But I dont think society has 100% responsibility. Many of those avenues are in place now, you can lead a horse to water…

    Ultimately I think they should be able to do whatever they want. Playing in the NBA is a job, and how they can prevent a company (team) who wants to hire an employee (player) because he’s only 18 or some other silly requirement is just ridiculous. Shows what a powerful machine the NCAA is. Wonder what they can dream up to prevent people from going overseas.

  10. Yea, if the NCAA is gonna do this 1 year thing, they need to make it like NCAA football and do the 3 year thing. Players are using college as a jump off point. They are going to enough classes to get the grades the 1st semester, and not going to class and still playing during the 2nd semester. (Maybe not all, but alot). It’s really a joke. It’s like hmmmm which college will get me the most air time for the NBA scouts? It’s gotta be all or nothing for this rule.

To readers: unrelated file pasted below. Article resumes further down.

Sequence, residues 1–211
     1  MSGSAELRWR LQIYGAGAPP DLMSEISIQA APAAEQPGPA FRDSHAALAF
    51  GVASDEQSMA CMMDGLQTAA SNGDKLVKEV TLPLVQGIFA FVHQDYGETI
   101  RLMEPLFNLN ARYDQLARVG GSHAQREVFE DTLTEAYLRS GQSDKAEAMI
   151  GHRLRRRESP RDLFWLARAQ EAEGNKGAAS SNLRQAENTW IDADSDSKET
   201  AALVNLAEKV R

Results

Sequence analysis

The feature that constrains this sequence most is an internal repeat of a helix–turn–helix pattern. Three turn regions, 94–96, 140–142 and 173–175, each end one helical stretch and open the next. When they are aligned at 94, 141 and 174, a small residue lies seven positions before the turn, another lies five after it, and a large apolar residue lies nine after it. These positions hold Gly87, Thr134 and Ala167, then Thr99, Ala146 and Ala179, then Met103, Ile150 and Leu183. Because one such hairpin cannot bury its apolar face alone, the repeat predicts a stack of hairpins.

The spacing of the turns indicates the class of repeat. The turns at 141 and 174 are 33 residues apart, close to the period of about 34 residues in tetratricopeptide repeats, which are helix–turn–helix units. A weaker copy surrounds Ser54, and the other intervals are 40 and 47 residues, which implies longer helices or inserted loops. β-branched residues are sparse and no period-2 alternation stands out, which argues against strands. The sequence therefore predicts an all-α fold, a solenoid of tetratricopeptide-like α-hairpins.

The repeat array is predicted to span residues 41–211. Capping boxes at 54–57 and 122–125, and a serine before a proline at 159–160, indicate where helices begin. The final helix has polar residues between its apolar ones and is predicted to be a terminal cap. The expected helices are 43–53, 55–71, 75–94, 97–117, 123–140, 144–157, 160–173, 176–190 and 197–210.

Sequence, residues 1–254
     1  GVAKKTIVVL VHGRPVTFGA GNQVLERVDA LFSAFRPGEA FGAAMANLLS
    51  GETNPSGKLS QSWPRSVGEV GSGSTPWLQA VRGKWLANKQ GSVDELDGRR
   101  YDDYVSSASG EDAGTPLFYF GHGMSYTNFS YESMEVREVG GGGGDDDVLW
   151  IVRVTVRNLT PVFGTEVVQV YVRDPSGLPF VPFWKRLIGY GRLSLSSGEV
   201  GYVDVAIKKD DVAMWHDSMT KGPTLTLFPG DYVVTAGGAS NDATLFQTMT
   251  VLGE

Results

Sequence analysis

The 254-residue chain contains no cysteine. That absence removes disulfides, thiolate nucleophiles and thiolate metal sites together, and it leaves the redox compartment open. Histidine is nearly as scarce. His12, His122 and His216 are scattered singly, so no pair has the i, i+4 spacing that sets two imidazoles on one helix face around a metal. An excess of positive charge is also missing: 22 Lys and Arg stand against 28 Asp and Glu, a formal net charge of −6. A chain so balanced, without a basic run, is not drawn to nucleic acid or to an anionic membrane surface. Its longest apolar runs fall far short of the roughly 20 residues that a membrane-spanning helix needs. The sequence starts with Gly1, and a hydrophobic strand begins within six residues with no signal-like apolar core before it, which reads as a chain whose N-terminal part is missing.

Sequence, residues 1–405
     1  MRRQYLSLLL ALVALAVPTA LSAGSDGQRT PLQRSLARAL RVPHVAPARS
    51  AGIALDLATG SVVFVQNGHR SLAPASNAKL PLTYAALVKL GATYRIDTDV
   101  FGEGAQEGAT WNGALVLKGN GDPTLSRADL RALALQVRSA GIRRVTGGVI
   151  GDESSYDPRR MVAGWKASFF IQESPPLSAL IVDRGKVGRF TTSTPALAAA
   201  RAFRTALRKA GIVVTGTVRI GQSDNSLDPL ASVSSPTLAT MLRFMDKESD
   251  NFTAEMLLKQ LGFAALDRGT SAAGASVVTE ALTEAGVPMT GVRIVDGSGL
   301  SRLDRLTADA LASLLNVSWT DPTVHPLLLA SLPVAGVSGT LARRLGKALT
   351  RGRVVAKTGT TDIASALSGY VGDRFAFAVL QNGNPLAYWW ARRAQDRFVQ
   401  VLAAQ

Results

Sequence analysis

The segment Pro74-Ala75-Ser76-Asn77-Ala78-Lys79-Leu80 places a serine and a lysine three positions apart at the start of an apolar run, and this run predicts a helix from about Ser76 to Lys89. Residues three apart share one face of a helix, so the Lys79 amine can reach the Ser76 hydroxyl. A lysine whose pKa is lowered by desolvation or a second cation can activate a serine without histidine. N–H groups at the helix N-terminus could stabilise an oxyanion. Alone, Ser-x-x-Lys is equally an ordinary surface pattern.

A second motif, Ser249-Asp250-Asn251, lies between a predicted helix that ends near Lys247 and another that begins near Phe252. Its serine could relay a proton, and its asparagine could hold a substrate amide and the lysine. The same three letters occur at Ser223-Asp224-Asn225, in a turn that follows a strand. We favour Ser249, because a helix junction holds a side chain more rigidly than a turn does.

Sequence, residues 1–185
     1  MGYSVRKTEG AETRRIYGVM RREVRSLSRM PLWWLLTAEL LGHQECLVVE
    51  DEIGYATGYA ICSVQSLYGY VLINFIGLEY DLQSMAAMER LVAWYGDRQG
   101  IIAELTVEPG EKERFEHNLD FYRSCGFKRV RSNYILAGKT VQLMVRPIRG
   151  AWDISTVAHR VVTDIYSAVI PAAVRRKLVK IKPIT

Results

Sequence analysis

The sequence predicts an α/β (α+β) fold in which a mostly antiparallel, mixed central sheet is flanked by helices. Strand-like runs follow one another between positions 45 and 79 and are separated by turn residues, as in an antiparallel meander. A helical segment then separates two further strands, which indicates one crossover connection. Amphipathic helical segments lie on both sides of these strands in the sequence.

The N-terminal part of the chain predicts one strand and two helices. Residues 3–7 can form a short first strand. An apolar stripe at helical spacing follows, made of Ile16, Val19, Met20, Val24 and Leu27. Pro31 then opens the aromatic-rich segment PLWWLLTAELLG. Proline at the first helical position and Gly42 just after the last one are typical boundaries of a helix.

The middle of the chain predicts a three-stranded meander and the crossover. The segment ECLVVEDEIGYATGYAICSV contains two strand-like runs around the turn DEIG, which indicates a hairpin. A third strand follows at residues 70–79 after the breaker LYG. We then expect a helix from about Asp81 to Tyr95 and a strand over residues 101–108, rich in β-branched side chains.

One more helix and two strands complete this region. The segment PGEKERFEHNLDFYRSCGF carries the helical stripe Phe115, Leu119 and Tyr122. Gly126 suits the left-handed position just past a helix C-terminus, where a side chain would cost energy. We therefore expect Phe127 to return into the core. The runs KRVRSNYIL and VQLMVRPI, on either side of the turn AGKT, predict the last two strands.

11. I cannot stress enough that young men or women with no chance of succeeding in college should not be in college. Add in the pressures of big time athletics and its a license to fail. I am not saying Europe is the answer although for some it may be, but college needs to stop being a minor league.